September 4, 2015
The sheer number of refugees and migrants trying to enter Europe right now is staggering, but behind the numbers are real people with compelling stories. Today we'll hear from a Syrian woman who tells how she and her family left the Syrian city of Homs, made their way to Lebanon, then to Greece, and are currently in Hungary hoping to get to Germany. Also, Guatemala-born writer David Unger gives us his views on former President Otto Perez Molina, who stepped down amid a corruption scandal. He also looks ahead to this weekend's elections, and whether those elections might signal real change in the country. Plus, a young Afghan rapper is now making a new life for herself — in Utah.
September 3, 2015
The devastating photo of a dead Syrian child lying on a European beach has many asking that more be done to help those fleeing conflict. We take a closer look at what America's doing to help the large numbers of migrants coming out of the Middle East and Africa. Plus, one of the jurors from the trial of Boston marathon bomber Dzhokhar Tsarnaev speaks out. Also, can a single moment of sports serendipity launch a prize-winning writing career? Just ask Japanese novelist Haruki Murakami.
September 2, 2015
We walk in the footsteps of migrants as they try to make their way from Syria to Europe. Plus, an exhibit of poster art will travel from the US to Cuba to Iran, featuring artists from all three countries. Also, what's the real story behind a train filled with Nazi gold that some treasure hunters say has been discovered in Poland?
September 1, 2015
Europe's migrant crisis continues to worsen. We hear how two countries in Europe are dealing with the influx of people fleeing the Middle East and Africa. Plus, we look at a border fence between the US and Mexico and whether its desirable or even feasible. Also, we'll sample organic tequila from Mexico.
August 31, 2015
President Barack Obama goes to the Arctic to visit Alaska. He's there for a global get-together looking at issues facing the region, including energy production and climate change. We'll give you a preview of the president's trip. We also hear about a chef from France who was in New Orleans when Hurricane Katrina hit. He served pastries to guests at a five-star hotel there before the levees broke. Even though Katrina ended his career in the Big Easy, now he's started over with a new restaurant in New Mexico.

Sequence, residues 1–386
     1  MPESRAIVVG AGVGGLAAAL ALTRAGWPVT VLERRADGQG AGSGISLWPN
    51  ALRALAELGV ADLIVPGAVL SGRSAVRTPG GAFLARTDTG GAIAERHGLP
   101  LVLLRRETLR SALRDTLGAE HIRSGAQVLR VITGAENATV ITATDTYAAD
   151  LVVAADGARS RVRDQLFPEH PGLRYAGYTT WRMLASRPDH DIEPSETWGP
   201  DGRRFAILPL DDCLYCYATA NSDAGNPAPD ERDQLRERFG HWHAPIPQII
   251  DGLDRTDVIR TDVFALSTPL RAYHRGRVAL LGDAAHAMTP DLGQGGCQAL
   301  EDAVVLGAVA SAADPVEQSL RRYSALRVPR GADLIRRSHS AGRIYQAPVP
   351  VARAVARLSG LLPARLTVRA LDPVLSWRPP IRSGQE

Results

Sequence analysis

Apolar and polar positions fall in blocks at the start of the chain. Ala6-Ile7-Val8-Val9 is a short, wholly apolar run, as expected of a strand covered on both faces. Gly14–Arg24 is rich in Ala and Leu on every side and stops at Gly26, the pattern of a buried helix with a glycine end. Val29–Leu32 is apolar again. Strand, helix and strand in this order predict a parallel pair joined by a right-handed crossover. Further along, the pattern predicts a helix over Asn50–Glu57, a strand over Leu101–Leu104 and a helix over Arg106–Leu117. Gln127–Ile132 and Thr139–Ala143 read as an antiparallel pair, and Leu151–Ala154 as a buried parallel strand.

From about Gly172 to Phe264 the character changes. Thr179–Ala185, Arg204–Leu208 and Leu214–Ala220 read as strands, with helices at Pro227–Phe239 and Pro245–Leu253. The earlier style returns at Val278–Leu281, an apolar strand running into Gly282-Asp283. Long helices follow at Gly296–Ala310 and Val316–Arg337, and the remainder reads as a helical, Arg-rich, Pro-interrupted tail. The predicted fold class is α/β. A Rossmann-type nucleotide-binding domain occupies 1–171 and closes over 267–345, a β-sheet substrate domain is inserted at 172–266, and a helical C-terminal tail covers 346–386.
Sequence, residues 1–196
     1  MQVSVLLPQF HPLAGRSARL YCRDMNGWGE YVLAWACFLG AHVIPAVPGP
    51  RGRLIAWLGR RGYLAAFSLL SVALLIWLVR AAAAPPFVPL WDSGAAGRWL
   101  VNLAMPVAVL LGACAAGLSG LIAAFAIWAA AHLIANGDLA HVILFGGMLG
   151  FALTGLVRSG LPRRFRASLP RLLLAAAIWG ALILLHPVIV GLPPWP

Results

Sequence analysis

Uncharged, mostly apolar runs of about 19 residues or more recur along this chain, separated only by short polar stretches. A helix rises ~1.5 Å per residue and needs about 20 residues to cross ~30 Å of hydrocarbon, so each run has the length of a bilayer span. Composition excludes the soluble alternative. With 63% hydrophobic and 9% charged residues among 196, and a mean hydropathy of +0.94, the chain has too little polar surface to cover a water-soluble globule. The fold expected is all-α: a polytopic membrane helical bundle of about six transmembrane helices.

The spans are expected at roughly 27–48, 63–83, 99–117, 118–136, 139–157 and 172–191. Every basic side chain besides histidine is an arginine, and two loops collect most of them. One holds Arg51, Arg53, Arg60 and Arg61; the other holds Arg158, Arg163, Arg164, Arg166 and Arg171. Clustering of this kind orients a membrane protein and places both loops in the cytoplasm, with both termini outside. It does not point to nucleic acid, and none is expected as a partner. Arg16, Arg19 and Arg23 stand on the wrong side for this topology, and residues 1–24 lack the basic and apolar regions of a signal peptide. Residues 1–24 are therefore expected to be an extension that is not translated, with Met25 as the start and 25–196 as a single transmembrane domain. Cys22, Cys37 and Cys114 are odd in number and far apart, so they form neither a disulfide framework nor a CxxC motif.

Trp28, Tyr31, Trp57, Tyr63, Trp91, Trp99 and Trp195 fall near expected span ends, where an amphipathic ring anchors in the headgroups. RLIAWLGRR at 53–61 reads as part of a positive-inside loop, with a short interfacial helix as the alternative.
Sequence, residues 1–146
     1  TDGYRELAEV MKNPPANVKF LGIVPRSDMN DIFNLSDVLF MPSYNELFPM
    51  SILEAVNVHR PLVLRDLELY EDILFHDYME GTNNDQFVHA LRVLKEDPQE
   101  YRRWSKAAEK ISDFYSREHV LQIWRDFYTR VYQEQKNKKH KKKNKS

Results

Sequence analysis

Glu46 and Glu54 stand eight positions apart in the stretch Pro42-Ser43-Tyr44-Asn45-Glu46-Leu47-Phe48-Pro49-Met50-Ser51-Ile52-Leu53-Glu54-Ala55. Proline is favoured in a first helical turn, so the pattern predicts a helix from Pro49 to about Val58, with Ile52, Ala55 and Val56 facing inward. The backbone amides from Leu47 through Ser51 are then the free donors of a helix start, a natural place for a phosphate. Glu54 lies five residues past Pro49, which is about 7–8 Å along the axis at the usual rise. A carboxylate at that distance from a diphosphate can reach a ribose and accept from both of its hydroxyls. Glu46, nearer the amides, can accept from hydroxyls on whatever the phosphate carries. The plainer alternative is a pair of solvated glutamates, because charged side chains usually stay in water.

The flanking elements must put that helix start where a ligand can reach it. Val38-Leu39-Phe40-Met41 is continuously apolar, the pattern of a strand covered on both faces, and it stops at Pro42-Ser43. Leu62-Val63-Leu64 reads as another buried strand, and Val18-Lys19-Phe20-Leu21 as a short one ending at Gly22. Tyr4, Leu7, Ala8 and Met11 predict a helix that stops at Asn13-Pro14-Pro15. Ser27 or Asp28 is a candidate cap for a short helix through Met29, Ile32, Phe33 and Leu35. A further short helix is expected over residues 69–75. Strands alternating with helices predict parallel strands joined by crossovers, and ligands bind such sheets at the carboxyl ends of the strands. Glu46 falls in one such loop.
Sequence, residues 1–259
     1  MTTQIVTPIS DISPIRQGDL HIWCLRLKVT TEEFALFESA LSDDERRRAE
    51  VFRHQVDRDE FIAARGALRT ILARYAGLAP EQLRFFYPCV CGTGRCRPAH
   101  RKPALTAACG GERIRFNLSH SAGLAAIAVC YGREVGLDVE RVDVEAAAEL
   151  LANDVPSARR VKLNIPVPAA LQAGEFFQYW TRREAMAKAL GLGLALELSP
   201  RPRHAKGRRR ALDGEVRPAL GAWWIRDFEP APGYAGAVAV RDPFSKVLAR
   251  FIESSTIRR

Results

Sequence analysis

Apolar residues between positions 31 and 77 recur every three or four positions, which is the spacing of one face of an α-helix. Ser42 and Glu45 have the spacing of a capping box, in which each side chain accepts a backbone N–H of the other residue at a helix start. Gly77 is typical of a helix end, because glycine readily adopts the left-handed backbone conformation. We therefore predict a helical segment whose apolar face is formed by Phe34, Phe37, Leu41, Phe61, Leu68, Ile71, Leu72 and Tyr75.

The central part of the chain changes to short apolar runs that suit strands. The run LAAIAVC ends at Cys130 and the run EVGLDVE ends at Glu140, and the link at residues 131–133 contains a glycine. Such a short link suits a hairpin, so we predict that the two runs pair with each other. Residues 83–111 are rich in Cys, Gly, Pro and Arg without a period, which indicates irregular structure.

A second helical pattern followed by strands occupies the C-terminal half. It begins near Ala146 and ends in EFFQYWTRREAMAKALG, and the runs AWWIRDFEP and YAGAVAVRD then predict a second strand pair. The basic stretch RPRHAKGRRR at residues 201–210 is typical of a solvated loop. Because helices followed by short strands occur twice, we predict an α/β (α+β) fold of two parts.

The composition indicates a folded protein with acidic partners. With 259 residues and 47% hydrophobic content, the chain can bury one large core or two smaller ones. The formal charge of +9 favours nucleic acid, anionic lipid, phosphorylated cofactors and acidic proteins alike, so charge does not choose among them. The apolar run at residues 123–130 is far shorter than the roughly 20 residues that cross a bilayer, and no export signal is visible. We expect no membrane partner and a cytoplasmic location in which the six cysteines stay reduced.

August 28, 2015
We hear exactly how smugglers are trafficking migrants through Europe. One reporter was interviewing a Syrian family in Serbia when a smuggler named Alex walked up to them and started negotiating. We'll hear some of that recorded conversation. Also, the majority of medical school students in Pakistan are female, but the majority of practicing doctors are male. Why do so few women who graduate from med school end up practicing their profession? Plus, we speak with one of the twins at the heart of the documentary, "Twinsters."
August 27, 2015
In the wake of the televised killing of two journalists in Virginia yesterday, and the spread of the grisly images via social media, we turn to someone who studies the role of the Internet in society and the similarities with the way ISIS militants have used video and social media. We also hear why news sites in China went big with the Virginia shooting story. Plus, a toucan in Brazil gets a replacement beak — using a 3D printer.
August 26, 2015
Donald Trump and Univision's Jorge Ramos had a heated exchange about immigration during a live press conference. Also, a shrinking Chinese economy is bad news for the US auto industry. Plus, forget cows and pigs, farmers in California want you to eat crickets.
August 25, 2015
Investors at a trading house in Beijing are in shock after losing a lot of money as their stocks plunged in value in recent days. Meanwhile, the Chinese economic collapse is also reverberating in Brazil, a country that depends heavily on exports of raw materials. Plus, why are so many foods we buy here in the US suddenly flavored with lime? Hint: it has to do with the ever-growing purchasing power of Latino consumers.
August 24, 2015
Three Americans are being hailed as heroes in France, but what's the lesson? One of the Americans who helped stop a terrorist attack aboard a Paris-bound train has said that for him the lesson is that everyone should be prepared — just in case. A counter-terrorism expert isn't so sure. Plus, we check in with what's happening to stock markets around the world. Also, we hear about an attempt to raise a storied ship from beneath the sea using large balloons.